Fuchs' dystrophy (pronounced fooks DIS-truh-fee) is an eye disease characterized by degenerative changes to the cornea’s innermost layer of cells. The cause for Fuchs' dystrophy is not fully understood. If your mother or father has the disease, then there is roughly a 50 percent chance that you will ...

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  • Age-Related Macular Degeneration

    One of the leading causes of vision loss in people who are age 50 or older is age-related macular degeneration (AMD). This common eye condition leads to damage of a small spot near the center of the retina called the macula. The macula provides us with the ability to clearly see objects that are straight ...

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  • Diabetic Eye Diseases

    Diabetes is a condition that involves high blood sugar (glucose) levels. This can affect many parts of the body, including the eyes. One of the most common diabetic eye diseases is diabetic retinopathy, which is also a leading cause of blindness in American adults. Diabetic Retinopathy Diabetic retinopathy ...

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  • Presbyopia

    Somewhere around the age of 40, most people’s eyes lose the ability to focus on close-up objects. This condition is called presbyopia. You may start holding reading material farther away, because it is blurry up close. Reading suddenly gives you eyestrain. You might wonder when manufacturers started ...

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  • Laser Cataract Surgery

    The only way to correct the clouded vision caused by advanced cataracts is surgical intervention. If you find yourself pursuing cataract surgery to remove one or both cataract-disease lenses, you may be wondering what surgical approaches are available for treatment. Although eye surgeons have successfully ...

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  • Cataract Surgery

    With cataract surgery, your ophthalmologist removes the cataract-diseased lens of your eye. The ophthalmologist then replaces your natural lens with an artificial one. The Procedure This outpatient procedure is generally safe and takes less than an hour. Your ophthalmologist will dilate your pupil ...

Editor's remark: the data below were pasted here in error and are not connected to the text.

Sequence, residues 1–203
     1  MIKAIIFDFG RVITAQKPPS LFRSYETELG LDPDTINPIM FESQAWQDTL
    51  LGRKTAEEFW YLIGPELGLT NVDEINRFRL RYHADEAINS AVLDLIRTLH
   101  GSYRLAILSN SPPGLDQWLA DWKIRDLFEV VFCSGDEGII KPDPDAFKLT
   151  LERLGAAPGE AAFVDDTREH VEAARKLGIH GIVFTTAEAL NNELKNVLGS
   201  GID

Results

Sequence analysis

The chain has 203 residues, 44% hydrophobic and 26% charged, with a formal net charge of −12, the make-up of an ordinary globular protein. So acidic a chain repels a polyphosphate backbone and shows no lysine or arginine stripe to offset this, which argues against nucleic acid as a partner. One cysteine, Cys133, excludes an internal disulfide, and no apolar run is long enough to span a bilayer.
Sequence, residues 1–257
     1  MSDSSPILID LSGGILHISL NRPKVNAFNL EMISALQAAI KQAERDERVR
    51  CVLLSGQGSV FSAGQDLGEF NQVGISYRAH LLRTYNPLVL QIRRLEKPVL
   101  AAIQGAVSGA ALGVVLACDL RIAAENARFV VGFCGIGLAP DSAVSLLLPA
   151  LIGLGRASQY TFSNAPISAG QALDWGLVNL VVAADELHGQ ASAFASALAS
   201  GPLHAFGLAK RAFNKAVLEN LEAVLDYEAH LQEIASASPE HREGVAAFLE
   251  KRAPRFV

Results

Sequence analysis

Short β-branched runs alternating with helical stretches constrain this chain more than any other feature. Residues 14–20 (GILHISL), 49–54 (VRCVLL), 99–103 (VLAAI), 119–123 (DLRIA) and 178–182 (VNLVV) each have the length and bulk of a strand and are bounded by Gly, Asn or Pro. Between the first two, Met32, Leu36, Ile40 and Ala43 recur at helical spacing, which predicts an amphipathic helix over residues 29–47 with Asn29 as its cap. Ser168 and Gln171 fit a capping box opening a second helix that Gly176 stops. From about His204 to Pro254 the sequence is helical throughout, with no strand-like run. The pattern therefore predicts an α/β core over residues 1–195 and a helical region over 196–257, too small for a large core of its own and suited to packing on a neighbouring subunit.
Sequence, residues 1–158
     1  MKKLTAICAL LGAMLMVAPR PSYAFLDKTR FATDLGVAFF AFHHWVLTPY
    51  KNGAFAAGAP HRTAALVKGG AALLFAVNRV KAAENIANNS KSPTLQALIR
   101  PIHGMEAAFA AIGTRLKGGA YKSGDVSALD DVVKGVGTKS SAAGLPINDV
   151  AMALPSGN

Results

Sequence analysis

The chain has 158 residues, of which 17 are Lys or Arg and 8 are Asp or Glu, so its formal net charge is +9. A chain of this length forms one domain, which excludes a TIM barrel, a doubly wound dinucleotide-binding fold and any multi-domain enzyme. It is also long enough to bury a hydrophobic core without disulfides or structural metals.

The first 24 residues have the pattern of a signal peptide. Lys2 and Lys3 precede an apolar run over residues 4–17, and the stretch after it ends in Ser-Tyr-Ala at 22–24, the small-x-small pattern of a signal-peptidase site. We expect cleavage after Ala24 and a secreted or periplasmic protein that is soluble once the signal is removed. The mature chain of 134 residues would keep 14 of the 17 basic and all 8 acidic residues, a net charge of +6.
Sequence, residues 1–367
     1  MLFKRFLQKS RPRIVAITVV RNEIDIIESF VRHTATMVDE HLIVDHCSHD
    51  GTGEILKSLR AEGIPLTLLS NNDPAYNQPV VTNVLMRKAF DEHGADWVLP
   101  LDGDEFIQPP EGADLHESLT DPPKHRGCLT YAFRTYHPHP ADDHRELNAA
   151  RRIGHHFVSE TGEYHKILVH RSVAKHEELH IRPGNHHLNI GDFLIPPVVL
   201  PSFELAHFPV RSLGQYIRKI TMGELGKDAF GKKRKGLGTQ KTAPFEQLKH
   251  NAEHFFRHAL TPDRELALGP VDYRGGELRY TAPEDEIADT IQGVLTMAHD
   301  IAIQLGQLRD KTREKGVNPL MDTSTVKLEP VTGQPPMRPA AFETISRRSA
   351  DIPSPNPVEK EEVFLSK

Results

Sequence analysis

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  • Peripheral Vision Loss

    Normal sight includes central vision (the field of view straight ahead) and peripheral vision (the field of view outside the circle of central vision). The inability to see within a normal range of view often indicates peripheral vision loss. In severe cases of peripheral vision loss, individuals only ...

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  • Presbyopia

    As we age, our eyes—like the rest of our bodies—begin to lose flexibility and strength. When this happens to the lens of the eye and its surrounding muscles, your lens will become stiff. This makes it harder to see close objects clearly because the eyes can't focus properly. It's a natural part of ...

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  • Patches

    Eye patches are used to strengthen muscle control in weak eyes. By placing a patch over the strong eye, the weaker eye is forced to do the heavy lifting. While it may be uncomfortable for the patient at first, the muscle controlling the weaker eye will become tougher and more resilient. This will allow ...

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  • How to Transition Into Different Lighted Situations

    Does it take a little while for your eyes to adjust to the dark? Try a few of these tips. ...

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Location

Hours of Operation

Kennett Square Office

Monday:

8:30 am-5:00 pm

Tuesday:

8:30 am-5:00 pm

Wednesday:

8:30 am-5:00 pm

Thursday:

8:30 am-5:00 pm

Friday:

8:30 am-5:00 pm

Saturday:

8:30 am-12:00 pm

Select Saturdays

Sunday:

Closed